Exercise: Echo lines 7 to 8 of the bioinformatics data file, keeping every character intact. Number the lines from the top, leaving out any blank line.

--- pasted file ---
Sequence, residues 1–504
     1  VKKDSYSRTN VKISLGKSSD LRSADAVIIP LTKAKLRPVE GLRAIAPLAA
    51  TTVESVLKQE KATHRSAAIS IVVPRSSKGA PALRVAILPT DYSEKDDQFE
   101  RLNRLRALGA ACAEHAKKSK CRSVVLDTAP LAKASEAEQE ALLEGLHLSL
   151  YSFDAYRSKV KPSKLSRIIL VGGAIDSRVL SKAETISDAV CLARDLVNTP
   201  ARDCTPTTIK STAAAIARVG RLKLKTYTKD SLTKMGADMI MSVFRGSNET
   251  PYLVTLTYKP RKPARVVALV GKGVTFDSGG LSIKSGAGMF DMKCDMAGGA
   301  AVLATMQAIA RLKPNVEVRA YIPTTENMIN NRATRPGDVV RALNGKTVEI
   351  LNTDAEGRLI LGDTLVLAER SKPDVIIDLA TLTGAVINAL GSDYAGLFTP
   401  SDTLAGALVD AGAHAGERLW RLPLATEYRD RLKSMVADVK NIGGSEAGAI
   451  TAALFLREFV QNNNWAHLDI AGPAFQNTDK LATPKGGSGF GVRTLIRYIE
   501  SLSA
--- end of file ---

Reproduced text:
   251  PYLVTLTYKP RKPARVVALV GKGVTFDSGG LSIKSGAGMF DMKCDMAGGA
   301  AVLATMQAIA RLKPNVEVRA YIPTTENMIN NRATRPGDVV RALNGKTVEI